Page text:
Marijuana shown to not be related to acute kidney injury

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Recent research contradicts studies that linked marijuana to the disease

There have been reports lately that tried to link marijuana use with acute kidney injury (AKI). However, that link now apparently seems to be false. During the ASN Kidney Week 2018, the results of a recent study were presented that showed that AKI was not seen in more cannabis users than in non-users.

According to Praveen Kumar Potukuchi, BPharm, MS, a research data analyst with the University of Tennessee Health Science Center, he and his colleagues conducted a study involving 2,416 military veterans. The group was comprised of mostly men (97%) with an average age among all subjects of 60.6 years. 46.7% of the group was black and 76.4% suffered from diabetes.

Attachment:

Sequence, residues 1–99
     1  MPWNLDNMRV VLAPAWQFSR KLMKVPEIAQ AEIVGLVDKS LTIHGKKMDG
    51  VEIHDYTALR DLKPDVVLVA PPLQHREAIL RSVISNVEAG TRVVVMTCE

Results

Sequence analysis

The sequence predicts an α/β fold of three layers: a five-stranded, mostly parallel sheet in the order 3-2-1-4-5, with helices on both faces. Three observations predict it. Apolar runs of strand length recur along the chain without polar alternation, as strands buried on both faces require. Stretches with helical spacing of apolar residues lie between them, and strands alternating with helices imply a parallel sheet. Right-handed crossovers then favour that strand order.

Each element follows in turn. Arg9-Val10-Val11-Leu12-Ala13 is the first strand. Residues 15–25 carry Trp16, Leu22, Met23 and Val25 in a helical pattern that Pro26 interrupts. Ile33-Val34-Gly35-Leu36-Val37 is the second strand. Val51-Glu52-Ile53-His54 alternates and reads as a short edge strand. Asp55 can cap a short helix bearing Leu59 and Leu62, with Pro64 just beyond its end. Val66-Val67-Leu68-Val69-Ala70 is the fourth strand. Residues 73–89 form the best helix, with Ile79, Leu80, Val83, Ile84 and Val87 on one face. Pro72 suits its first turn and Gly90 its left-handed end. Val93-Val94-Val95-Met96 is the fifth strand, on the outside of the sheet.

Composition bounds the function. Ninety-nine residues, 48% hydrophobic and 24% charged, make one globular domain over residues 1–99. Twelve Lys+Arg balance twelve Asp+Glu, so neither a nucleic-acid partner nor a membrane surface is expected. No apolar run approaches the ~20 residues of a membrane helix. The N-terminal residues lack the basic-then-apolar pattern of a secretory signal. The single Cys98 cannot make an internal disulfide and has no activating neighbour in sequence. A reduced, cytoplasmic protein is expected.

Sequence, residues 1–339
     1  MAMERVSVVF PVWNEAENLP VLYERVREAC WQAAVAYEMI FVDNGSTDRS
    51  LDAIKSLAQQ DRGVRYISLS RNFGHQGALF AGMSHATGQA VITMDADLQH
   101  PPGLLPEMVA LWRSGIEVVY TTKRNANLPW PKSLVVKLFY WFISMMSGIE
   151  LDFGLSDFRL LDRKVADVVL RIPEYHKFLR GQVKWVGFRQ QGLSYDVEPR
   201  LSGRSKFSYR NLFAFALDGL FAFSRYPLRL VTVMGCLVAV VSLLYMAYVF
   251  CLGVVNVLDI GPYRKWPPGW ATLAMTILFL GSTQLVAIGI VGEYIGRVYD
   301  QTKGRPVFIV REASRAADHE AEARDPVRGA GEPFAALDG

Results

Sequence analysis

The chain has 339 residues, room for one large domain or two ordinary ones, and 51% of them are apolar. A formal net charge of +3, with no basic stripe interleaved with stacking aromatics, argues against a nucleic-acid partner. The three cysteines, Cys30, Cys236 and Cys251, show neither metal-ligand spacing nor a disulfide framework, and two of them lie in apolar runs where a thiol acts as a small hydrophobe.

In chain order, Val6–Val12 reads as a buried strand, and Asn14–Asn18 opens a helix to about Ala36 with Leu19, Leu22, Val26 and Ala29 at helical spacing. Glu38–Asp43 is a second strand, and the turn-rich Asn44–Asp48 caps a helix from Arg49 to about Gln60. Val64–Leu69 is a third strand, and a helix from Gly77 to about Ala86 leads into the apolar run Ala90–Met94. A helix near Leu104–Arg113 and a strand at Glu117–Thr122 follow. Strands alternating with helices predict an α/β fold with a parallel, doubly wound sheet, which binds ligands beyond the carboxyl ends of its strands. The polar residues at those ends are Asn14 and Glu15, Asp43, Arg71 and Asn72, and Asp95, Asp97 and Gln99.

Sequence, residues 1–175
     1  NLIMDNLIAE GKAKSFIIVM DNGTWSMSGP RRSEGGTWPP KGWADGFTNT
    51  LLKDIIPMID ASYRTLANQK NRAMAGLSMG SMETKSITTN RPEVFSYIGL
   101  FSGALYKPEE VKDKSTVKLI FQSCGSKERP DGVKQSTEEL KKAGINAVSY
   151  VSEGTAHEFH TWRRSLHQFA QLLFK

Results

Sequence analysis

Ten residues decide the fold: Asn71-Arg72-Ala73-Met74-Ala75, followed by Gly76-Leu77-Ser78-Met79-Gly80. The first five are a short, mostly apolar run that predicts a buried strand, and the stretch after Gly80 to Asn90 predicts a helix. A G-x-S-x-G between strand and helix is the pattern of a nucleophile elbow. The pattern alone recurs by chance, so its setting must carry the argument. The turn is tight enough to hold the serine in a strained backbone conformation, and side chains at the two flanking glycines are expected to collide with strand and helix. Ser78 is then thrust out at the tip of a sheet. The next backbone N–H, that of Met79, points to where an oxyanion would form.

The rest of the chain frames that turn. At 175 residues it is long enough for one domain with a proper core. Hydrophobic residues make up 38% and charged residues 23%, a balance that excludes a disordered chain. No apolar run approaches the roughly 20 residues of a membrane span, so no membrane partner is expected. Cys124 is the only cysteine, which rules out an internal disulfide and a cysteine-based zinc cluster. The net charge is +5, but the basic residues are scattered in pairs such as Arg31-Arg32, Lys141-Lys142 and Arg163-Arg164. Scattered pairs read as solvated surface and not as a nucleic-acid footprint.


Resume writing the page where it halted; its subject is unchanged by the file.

All of the participants had transitioned to dialysis between 2007 and 2014. They received urine toxicology tests that were administered up to a year prior to starting dialysis and subsequently had serial serum creatinine levels measured no more than seven days after the test.

Of the group, 76 tested positive for cannabis. Over half of the group – 58.6% – were found to have AKI, but the number was actually lower among the cannabis users by 25%.

Potukuchi points out that the numbers need to be refined and more testing is needed. However, “With the current legalization of marijuana and subsequent increase in its use, it’s important to understand the effects of its use in different scenarios better,” Potukuchi said. “The results of this study that there is no significant association between its use and AKI in patients with advanced CKD are somewhat comforting, but larger studies will be needed in order to have a definitive answer,” he added.

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